I spend a lot of time getting ready to live my life.
(And no, before you jump to conclusions, this isn’t a post about the hours it takes to do my hair. But it does. Take hours, I mean. But it’s worth it. Anyhoodle.)
What I’m trying to say is that I spend a lot of time planning things that I rarely end up executing. I have big ideas, big dreams, and big problems with time management. And it’s only getting worse as I get older and more foolishly ambitious.
People in movies and books always seem to have a lot of time to do THINGS. They sit with coffee and stare out windows, they take classes and tidy their houses and do art projects that don’t end up sitting on the dining room table for three weeks. They don’t seem to work, or go to the bathroom, or chase around a toddler who pulls everything off all the shelves and eats her board books as a hobby.
And I… well, I have a lot of works in progress.
I have shelves of sticky-noted cookbooks, painstakingly combed through, with recipes for all occasions lovingly marked. At last count, I’m supposedly making four different kinds of dessert and six appetizers for Thanksgiving. I’ll end up baking one pie at 3 o’clock in the morning, haphazardly substituting forgotten ingredients and cursing while freebasing diet Pepsi.
I have a closet full of yarn that is someday supposed to be an army of hats, scarves, and cowls. In fact, I might be a little obsessed with buying yarn, hoarding it, and rarely making anything out of it. Hubs expressed his concern to me just the other day that at some point he fears I will spend all of our money on yarn and it will be stored in every nook and cranny in our house.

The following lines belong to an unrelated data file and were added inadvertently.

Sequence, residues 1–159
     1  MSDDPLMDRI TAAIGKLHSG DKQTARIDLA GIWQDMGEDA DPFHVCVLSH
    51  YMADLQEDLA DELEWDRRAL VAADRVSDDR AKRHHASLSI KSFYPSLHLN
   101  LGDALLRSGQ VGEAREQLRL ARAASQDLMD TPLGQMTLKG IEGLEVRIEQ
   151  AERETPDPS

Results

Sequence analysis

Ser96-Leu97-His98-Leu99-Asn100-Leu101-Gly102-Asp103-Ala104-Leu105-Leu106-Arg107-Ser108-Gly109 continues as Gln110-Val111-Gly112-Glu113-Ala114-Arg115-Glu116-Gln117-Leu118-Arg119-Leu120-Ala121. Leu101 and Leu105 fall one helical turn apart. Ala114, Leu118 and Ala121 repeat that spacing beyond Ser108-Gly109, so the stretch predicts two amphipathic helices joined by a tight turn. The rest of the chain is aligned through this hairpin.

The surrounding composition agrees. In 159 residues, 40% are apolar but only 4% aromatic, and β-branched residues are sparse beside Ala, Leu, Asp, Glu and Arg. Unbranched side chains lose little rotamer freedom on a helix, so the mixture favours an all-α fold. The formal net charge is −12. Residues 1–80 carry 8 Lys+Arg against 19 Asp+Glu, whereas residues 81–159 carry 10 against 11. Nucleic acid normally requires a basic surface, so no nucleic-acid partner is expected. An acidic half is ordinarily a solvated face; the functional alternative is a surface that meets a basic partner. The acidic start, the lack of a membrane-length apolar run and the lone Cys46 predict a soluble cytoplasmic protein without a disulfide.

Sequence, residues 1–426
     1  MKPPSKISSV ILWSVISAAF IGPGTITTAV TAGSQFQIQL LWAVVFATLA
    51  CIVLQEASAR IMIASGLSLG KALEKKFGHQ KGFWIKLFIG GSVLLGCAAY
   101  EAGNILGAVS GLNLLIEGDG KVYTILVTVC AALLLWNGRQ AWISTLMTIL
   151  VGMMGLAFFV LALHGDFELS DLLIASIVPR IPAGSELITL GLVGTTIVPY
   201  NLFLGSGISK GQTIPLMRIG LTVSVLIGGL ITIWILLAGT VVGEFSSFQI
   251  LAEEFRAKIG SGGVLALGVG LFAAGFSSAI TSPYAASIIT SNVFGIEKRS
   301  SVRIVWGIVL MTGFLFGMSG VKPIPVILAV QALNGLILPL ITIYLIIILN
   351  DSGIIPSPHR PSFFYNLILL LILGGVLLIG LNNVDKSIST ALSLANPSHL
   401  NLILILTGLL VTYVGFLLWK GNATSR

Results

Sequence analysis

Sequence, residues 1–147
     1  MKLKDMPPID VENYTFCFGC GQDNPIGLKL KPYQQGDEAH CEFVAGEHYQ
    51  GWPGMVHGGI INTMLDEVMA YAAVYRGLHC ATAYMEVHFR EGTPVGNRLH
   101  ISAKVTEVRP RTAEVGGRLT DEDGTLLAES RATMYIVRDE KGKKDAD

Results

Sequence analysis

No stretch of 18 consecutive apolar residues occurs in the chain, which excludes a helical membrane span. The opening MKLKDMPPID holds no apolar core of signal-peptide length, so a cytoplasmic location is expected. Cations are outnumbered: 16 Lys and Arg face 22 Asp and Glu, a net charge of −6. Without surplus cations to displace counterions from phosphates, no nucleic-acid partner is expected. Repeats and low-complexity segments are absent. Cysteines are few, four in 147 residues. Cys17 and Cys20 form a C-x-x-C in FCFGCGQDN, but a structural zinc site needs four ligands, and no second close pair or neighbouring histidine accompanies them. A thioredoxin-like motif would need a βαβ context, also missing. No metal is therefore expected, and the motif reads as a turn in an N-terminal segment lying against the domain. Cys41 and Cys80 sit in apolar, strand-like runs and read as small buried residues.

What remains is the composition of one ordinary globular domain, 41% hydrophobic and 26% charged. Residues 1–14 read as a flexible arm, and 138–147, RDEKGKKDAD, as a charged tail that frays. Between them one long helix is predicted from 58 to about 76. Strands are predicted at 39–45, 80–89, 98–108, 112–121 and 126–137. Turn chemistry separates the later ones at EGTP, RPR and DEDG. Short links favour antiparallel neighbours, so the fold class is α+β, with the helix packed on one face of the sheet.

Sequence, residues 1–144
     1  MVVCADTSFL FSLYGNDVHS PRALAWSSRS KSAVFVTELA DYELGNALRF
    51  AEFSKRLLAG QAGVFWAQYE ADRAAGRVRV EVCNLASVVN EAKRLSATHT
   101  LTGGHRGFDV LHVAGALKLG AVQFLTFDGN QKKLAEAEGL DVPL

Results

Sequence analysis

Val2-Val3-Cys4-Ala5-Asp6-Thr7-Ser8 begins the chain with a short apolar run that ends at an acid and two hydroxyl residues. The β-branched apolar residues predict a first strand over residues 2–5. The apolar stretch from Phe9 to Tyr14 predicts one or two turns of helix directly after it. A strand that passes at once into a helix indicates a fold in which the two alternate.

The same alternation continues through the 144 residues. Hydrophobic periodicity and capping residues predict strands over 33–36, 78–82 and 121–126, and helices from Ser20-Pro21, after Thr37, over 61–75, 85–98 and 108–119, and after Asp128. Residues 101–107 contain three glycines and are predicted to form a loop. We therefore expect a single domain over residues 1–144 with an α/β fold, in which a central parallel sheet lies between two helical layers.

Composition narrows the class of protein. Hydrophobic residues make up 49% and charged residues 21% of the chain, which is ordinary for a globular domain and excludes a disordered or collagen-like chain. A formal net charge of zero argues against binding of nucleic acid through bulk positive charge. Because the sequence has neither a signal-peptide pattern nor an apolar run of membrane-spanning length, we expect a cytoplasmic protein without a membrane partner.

“YOU CAN’T PAY BILLS WITH YARN,” he said.
“I know,” I replied. ”I will pay the bills with the money I make from selling my yarn creations!”
“We’re going to be homeless and have to sleep on piles of yarn.”
“AT LEAST WE WILL BE COZY!”
As an adult and ostensibly the creator of my own destiny, I think I’ve gotten stuck on the preparation phases of life and haven’t done much about moving on to the actual living. And the problem with that, among others like yarn hoarding and culinary pitfalls, is that you get caught up in the how and never make it to the what. And that means nothing happens.
Will I ever be the girl who makes coffee and sits there gazing into the cup whilst thinking deep thoughts and dreaming dreams? No, probably not, unless I want my toddler to eat my cookbooks and use the household yarn surplus to lasso the dog.
But I’d like to to be the mom whose daughter remembers the fun things we did, the activities we tried, the traditions we began. I’d like to be the person who finishes what she starts even if it ends badly, who doesn’t try to take on more than she can handle, and who isn’t as frazzled as she used to be.
I’d like to be the girl who DID, instead of the girl who was GOING TO.
And I’ll start with that damn yarn.